Diane White, director of the Marymount University Student Health Center, teaches Mashawna Kimble how to do a breast self-exam.
Arlington A corner of Arlington turned pink last week in observance of Breast Cancer Awareness Month. Marymount University held the first ever “Pink Out MU” day to promote breast cancer awareness and share information on the disease.
The Student Health Center encouraged the community to wear pink to show their support for the fight against breast cancer. “A large number of people joined in the sprit and were wearing pink attire or pink ribbons,” said Marymount spokeswoman Laurie Callahan.
How Should a Breast Self-Exam Be Performed?
1) In The Shower
Using the pads of your fingers, move around your entire breast in a circular pattern moving from the outside to the center, checking the entire breast and armpit area. Check both breasts each month feeling for any lump, thickening, or hardened knot. Notice any changes and get lumps evaluated by your healthcare provider.
2) In Front Of A Mirror
Visually inspect your breasts with your arms at your sides. Next, raise your arms high overhead.
Look for any changes in the contour, any swelling, or dimpling of the skin, or changes in the nipples. Next, rest your palms on your hips and press firmly to flex your chest muscles. Left and right breasts will not exactly match — few women's breasts do, so look for any dimpling, puckering, or changes, particularly on one side.
3) Lying Down
When lying down, the breast tissue spreads out evenly along the chest wall. Place a pillow under your right shoulder and your right arm behind your head. Using your left hand, move the pads of your fingers around your right breast gently in small circular motions covering the entire breast area and armpit.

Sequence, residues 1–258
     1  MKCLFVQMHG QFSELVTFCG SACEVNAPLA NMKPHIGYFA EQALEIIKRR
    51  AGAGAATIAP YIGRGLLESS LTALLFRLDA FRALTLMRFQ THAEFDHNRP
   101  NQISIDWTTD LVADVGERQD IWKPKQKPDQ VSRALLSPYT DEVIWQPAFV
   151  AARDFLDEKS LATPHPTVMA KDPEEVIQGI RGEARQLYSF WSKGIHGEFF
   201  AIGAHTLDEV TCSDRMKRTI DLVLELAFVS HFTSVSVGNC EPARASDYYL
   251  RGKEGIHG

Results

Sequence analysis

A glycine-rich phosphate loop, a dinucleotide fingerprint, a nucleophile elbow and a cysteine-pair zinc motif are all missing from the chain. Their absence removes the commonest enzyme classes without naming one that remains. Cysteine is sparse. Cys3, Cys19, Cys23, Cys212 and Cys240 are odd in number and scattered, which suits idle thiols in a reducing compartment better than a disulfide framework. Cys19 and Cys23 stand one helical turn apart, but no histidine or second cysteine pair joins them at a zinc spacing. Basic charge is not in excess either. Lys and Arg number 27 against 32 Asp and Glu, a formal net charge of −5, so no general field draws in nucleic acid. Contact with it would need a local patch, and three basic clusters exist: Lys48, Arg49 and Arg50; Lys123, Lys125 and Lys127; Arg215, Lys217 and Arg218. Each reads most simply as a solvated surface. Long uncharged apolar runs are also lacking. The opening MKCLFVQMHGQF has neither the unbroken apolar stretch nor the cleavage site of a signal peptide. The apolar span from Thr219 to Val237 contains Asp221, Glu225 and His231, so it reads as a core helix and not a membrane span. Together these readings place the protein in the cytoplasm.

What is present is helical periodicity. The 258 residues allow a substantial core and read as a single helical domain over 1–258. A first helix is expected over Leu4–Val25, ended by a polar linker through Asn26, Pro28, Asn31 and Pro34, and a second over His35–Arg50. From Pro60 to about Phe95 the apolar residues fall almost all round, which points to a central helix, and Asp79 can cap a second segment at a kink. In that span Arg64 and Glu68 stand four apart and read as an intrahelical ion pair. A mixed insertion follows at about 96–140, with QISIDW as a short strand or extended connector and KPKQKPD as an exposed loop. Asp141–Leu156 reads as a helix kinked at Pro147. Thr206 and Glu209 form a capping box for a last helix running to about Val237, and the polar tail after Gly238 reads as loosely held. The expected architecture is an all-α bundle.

Use light, medium, and firm pressure. Squeeze the nipple; check for discharge and lumps. Repeat these steps for your left breast.
University officials provided educational material, gift bags and self breast-exam demonstrations. “We called it ‘Explore Your Mountains’ to add a bit of levity to it,” said Burke resident Diane M. White, RN, MSN, director of the Marymount University Student Health Center. “About every sixth person who came by had a story to tell about how someone they know had been helped by self breast-exams.”
White said she and other health care professionals reached out to young women. “There has been recent controversy in the public media about self-breast exams, particularly in younger women,” said White. “As a health care provider, I believe that if you get to know your breasts’ structure when you are young, that can provide many benefits to you as you grow old as far as being able to detect changes. The benefits outweigh the risks.”
White highlighted statistics that show that breast cancer is the most common type of cancer among women in the United States, and added that early detection is critical in the treatment of breast cancer.